As a student parent I know how hard it is to keep everything together; between studying and taking care of your spouse and children – you have no time left to do the things needed to keep your household clean and, more practically, even functioning. I know firsthand putting food on the table can become a struggle, and cleaning the dishes afterwards can be an even bigger one.
Coming from a pretty traditional family, I was raised in an environment where it was clear that women are responsible for most- if not all- of the household chores. Naturally, I
thought the same was expected of me. After I had my baby I took some time off school to be at home. I was responsible for keeping the house clean, cooking, and caring almost exclusively for my child, as my husband was working full-time. I found it a struggle at first- but then got used to it. This is because I thought that it was the only viable option!
When I planned to return to university I felt so anxious about how I was going to juggle doing it all- cooking, cleaning, childcare and school. When I finally confronted my husband about my difficulties with shouldering so much of the household responsibilities, he was incredibly supportive. When I told him that I wanted him to contribute more and to take on some of the daily chores he instantly said, “YES, let’s split everything 50/50”. I was shocked; I never thought I would get this answer from him. He explained to me that if we are both busy full time outside the home, it makes perfect sense to him that we should split the chores evenly.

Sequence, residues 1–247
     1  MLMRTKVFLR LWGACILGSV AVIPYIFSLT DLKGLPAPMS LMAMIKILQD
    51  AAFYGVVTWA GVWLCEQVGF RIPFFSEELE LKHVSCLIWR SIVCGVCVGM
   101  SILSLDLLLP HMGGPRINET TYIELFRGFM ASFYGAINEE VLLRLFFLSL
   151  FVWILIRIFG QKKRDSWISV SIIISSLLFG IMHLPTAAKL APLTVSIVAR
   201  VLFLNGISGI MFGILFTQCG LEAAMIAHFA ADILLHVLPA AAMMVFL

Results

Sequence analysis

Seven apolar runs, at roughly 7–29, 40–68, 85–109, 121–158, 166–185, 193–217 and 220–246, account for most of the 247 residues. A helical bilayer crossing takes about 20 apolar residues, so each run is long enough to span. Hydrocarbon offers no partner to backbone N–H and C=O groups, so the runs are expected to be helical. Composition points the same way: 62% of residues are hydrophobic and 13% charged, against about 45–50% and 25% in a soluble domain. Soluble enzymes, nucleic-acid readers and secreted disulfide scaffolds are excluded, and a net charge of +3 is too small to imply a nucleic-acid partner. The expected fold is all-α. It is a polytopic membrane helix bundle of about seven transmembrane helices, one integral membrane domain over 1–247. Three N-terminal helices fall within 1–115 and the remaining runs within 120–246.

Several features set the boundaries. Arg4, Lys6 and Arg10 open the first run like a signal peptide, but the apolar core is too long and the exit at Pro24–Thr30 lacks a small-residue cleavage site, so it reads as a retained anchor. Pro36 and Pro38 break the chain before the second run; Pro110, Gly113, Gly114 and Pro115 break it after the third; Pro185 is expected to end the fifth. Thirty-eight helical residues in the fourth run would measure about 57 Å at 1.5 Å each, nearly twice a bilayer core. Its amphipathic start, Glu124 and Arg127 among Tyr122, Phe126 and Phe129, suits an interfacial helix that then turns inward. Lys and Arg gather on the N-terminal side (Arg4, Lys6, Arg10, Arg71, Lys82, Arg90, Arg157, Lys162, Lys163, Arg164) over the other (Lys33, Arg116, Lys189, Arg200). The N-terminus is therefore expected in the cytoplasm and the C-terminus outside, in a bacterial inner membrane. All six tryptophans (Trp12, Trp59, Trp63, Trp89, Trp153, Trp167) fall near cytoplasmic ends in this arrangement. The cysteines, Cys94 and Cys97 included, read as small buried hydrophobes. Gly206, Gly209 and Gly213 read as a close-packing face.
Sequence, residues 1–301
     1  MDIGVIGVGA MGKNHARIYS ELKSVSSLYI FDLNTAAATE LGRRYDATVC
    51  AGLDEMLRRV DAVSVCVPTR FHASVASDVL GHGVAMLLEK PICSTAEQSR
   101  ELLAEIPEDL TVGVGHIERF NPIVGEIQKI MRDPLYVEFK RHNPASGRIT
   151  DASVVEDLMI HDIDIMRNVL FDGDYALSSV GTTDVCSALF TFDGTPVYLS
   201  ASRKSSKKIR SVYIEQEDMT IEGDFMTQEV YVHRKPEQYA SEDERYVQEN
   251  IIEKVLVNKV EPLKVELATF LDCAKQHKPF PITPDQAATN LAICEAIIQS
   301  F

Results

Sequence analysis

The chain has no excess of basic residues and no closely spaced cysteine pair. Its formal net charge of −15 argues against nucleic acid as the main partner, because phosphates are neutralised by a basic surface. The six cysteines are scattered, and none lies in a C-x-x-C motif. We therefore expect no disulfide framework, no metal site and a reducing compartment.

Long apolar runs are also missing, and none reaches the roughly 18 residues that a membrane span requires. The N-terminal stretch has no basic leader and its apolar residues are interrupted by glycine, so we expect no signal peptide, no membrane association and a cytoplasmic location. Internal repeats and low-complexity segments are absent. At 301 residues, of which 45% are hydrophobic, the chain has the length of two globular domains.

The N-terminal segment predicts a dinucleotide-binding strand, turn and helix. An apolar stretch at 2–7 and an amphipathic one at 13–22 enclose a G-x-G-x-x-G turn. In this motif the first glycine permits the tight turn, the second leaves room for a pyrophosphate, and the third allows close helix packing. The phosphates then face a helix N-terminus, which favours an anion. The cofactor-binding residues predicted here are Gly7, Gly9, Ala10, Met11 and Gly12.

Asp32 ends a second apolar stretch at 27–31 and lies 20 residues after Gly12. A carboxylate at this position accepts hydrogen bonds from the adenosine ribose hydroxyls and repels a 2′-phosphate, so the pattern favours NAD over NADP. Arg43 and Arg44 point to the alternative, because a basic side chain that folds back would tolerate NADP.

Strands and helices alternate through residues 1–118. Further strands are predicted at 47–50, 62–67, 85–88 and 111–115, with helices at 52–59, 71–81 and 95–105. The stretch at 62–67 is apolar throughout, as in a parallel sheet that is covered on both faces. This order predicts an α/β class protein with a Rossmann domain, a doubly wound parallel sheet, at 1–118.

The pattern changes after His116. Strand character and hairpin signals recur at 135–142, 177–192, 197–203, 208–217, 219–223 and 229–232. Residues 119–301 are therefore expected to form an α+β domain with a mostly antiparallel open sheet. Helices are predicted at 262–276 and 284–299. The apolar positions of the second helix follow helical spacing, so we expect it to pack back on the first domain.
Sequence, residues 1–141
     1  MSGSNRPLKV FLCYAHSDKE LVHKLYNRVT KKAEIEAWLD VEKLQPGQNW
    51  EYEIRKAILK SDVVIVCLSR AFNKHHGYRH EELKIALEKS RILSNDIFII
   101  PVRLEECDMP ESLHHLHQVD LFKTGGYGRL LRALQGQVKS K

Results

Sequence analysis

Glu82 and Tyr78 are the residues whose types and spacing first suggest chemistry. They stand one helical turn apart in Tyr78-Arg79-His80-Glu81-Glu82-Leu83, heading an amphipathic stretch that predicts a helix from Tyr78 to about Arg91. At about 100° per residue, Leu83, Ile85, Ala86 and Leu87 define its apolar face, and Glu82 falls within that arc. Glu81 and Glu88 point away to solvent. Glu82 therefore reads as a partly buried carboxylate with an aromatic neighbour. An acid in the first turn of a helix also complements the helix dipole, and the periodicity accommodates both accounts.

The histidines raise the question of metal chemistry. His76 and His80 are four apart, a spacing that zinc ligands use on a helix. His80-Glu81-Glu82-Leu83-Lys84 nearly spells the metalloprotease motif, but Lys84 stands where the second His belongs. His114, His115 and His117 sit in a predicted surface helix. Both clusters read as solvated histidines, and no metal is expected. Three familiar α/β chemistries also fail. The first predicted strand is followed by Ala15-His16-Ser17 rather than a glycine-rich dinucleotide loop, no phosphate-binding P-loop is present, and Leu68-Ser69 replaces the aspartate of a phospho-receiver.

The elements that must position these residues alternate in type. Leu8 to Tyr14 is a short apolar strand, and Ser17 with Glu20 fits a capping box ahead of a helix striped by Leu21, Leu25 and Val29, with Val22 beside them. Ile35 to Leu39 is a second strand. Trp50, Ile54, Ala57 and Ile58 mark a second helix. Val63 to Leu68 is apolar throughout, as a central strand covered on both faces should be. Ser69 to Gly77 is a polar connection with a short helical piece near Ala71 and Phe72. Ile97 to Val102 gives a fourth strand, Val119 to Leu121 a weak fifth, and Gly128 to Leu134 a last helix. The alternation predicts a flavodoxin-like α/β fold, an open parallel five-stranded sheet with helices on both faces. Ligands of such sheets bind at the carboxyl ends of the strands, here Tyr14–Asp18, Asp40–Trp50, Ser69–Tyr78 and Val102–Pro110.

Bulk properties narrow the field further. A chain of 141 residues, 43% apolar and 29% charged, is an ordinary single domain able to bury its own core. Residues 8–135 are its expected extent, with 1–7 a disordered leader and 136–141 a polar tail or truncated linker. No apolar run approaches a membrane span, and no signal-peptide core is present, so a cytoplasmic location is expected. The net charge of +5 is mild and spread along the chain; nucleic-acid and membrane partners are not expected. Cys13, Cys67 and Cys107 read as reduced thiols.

Not only did I overcome my anxiety and express to my partner the way that I was feeling, I am glad to report that the changes have actually worked for us! For the last three months we have been splitting the work and everything gets done!
To help keep track of who is doing what, I came up with – a Chore Chart! This is a chart on our fridge that has each chore written twice and magnets representing who is responsible for the chore. Once you have completed the chore, you move the magnet to let the other person know that it’s their responsibility now.
I found that this method is really helpful in splitting our responsibilities 50/50, but you can try other methods as well and find out what works best for your family.
The most crucial thing you have to remember is: if you want to give this a try, keep your commitments. Don’t betray your partner’s trust by leaving dishes in the sink or letting plants die!
Hopefully some of you can implement this! If you have any question about the method or any comments you’d like to share, feel free to write them in the comments below and I’ll be sure to respond!